White Wonder Millet
White Wonder Millet is a foxtail-type millet primarily grown for hay. White Wonder millet will grow rapidly in warm weather and is adapted to a variety of soil types. This species is fast-growing, producing high forage yields, and can be harvested as quickly as 60-70 days after planting. White Wonder millet is a popular option in areas prone to hot, dry summers.
Drilled Seeding Rate: 20-25 lbs/acre
50 lb bag
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- Planting Time: Late Spring – Mid Summer
- Millet needs a minimum soil temperature of 60 degrees to germinate
- Drilled Seeding Rate: 20-25 lbs/acre
- Ideal Seed Depth: 1/2” – ¾”
- Millet can also be broadcast and rolled or packed to gain seed to soil contact
- White Wonder millet requires approximately 10 lbs of N, 5 lbs of P2O5, and 12 lbs of K2O per ton of forage produced.
- Apply ½ rate of nitrogen before or immediately after planting, and the other ½ rate 30 days after emergence.
- If crop is intended for multiple cuttings, split apply the total rates recommended between each cutting.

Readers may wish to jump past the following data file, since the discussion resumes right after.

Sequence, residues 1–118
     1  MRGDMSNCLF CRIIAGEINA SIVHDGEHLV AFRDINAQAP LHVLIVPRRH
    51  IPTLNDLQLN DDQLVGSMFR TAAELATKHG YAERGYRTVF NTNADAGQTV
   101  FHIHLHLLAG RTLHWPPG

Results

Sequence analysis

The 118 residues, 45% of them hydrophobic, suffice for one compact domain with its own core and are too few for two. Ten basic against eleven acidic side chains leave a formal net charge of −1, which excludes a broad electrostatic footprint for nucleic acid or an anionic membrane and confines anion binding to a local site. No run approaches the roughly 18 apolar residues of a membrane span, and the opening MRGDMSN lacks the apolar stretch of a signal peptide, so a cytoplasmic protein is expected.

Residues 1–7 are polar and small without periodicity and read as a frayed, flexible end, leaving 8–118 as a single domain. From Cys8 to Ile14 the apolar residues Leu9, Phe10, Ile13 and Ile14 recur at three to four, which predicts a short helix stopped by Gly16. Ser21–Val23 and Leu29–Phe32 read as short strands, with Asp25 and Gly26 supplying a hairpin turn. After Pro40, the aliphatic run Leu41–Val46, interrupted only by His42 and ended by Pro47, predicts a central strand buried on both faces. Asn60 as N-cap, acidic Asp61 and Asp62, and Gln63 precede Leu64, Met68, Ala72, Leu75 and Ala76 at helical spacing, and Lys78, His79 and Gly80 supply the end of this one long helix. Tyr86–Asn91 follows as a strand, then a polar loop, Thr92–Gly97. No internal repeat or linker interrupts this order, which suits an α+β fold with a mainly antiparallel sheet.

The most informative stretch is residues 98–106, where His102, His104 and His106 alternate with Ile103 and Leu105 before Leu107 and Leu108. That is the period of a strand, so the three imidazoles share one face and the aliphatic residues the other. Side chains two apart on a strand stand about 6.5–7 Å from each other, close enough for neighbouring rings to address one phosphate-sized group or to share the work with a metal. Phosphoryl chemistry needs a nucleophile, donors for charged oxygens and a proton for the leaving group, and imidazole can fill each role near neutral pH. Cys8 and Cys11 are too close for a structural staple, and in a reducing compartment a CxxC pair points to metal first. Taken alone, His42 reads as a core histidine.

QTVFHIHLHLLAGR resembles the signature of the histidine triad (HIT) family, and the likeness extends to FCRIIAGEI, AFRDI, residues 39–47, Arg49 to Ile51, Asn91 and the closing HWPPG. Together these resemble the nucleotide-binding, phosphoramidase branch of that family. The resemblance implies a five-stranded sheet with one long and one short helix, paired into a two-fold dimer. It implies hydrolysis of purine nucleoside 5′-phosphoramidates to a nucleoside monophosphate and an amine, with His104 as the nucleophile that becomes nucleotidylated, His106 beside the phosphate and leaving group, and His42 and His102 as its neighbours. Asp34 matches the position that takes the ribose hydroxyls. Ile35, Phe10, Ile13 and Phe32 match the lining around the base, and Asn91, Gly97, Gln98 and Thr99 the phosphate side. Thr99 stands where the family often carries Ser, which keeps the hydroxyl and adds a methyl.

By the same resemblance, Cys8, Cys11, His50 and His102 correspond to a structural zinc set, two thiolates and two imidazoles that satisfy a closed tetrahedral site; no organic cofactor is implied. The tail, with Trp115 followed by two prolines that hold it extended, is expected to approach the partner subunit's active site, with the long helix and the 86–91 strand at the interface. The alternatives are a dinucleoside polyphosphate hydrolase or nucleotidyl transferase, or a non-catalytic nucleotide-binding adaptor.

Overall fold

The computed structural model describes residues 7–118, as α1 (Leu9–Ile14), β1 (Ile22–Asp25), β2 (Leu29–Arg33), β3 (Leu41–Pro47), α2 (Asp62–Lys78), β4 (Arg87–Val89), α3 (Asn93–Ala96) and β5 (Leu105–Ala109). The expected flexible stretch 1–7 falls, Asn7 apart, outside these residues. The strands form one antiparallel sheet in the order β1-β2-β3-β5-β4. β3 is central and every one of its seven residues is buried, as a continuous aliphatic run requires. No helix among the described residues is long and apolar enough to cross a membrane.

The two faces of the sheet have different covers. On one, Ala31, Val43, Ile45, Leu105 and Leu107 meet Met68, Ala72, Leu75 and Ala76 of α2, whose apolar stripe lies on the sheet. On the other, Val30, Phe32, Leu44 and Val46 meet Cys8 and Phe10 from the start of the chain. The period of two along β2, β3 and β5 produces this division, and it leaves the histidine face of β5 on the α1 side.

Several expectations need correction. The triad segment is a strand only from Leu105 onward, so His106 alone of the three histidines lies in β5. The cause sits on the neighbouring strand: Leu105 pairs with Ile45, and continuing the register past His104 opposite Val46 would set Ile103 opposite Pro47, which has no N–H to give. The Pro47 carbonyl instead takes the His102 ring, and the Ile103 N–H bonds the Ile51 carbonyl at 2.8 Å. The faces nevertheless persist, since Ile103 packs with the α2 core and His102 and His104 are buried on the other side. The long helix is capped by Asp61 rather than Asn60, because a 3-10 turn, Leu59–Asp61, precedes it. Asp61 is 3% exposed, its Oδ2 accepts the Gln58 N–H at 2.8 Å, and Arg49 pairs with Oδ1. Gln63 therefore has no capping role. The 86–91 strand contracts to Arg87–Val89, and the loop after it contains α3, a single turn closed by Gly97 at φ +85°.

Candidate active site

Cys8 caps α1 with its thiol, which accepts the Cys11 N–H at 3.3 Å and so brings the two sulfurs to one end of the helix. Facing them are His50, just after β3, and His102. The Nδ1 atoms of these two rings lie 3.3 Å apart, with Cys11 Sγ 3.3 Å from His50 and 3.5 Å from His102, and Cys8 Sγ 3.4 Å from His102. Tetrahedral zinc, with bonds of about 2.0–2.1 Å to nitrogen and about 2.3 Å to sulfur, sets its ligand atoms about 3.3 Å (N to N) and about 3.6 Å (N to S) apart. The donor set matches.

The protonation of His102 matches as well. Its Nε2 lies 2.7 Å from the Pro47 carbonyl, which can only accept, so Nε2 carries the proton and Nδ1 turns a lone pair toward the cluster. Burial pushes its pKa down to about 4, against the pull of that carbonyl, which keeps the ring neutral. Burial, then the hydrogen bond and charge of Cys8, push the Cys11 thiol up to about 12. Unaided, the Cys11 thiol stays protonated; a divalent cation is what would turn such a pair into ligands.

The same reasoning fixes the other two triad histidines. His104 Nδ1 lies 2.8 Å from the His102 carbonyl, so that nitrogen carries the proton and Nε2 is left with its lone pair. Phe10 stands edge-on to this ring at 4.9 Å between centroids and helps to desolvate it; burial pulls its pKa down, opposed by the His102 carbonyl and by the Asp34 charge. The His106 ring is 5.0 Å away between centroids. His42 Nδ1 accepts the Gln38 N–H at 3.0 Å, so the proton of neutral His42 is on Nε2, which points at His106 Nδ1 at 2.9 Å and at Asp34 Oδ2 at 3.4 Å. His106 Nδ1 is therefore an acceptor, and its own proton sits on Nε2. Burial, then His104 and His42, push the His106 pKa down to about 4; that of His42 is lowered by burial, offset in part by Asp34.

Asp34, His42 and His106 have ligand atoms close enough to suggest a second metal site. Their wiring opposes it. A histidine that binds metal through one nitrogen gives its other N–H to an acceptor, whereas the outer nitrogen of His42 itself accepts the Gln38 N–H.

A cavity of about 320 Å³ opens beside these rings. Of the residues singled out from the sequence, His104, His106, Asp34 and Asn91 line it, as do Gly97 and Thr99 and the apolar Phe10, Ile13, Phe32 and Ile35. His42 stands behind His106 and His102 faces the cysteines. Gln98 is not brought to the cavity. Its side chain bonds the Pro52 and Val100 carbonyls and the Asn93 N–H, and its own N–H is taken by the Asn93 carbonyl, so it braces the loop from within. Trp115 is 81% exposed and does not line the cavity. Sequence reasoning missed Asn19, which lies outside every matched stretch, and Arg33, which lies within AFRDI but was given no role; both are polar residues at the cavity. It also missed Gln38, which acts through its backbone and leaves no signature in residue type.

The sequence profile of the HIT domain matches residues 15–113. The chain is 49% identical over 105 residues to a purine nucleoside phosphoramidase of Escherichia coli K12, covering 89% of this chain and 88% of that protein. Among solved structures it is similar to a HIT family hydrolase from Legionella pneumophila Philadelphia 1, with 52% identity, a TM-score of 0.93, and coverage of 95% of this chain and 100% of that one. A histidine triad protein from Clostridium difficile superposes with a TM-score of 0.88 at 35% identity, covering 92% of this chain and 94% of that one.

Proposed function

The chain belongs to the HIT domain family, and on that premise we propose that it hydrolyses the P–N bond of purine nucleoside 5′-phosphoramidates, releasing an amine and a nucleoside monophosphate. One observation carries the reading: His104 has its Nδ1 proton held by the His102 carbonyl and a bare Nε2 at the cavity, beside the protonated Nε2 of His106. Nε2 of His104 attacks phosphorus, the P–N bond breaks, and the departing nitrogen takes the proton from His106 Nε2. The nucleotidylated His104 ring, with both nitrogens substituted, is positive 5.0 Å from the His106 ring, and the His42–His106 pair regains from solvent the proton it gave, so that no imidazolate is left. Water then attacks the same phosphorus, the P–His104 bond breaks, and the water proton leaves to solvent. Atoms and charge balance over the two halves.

- Do not exceed a total of 10 lbs/a of N+K if fertilizer is placed in-furrow at planting.
Plant into a clean, weed-free seed bed and use the herbicide options below for optimal weed control:
|Preplant or Preemergence
|Apply any time before crop emergence.
|Grasses & Broadleaves
|Apply between the 2-leaf stage and before early boot stage.
|2,4-D Amine (2,4-D)
|Apply from 5-leaf stage to early boot stage.
*Always read and follow label instructions before making an application.
**Different glyphosate products may have different application rates. Refer to the label before making an application.
Disclaimer: All products and rates were provided by university-based sources and product labels. Always follow label instructions and consult your local chemical dealer and seed dealer before making any applications or planting of seed.
- White Wonder Millet should be cut for hay between late boot stage and early seedhead emergence.
- Harvest can be delayed until millet is more mature, but palatability declines significantly with mature seedheads. Millets are less likely to have high levels of nitrates than other warm-season forages such as sorghum. Under drought conditions, nitrate levels may rise and caution should be used if haying or grazing. There are no prussic acid concerns with millets.
Every acre is different and our goal is to help you know what works best in your area. This 'Growing Regions' section showcases where this species works best. If you have any questions on product placement, feel free to contact our experts and we will help!